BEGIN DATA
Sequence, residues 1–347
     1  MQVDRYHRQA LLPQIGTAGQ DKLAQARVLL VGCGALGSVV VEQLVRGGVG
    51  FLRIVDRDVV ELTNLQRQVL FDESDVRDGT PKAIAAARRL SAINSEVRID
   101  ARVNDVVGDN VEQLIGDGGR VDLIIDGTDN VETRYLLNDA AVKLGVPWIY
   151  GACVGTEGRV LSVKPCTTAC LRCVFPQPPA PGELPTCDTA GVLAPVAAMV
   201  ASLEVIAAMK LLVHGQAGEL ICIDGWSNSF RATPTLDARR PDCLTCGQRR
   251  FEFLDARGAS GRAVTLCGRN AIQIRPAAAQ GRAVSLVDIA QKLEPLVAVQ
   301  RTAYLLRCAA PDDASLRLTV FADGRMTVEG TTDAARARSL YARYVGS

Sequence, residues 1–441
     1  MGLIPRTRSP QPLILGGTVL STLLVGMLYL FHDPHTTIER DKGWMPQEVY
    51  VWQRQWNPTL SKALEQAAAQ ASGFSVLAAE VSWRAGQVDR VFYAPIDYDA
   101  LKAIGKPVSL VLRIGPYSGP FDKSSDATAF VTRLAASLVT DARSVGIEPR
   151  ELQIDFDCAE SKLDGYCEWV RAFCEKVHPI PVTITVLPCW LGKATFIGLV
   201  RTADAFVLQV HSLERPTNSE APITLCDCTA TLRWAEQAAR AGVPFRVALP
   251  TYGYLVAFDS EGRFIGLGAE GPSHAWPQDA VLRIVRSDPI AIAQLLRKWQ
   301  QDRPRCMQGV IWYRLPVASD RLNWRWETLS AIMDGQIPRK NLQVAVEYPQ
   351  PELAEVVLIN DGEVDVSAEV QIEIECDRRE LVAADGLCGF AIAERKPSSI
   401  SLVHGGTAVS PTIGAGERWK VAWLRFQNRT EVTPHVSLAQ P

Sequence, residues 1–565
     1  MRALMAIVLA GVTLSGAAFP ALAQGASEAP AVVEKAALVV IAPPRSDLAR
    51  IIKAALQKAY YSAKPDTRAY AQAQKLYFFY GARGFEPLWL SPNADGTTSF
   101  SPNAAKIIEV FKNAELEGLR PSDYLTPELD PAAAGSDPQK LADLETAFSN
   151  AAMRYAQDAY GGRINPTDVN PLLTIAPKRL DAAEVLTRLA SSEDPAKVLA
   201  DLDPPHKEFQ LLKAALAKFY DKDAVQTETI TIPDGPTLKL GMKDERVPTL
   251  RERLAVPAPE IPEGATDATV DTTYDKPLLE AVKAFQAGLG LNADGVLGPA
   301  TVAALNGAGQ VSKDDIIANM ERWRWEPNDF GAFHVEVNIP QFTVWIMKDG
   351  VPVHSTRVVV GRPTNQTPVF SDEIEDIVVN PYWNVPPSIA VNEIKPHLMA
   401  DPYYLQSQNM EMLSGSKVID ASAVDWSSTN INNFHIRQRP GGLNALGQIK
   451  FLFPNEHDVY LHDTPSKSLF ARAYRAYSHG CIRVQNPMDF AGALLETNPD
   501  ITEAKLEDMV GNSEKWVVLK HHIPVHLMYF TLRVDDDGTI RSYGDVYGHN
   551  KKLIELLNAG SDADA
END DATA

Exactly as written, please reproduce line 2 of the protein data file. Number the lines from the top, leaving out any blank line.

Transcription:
     1  MQVDRYHRQA LLPQIGTAGQ DKLAQARVLL VGCGALGSVV VEQLVRGGVG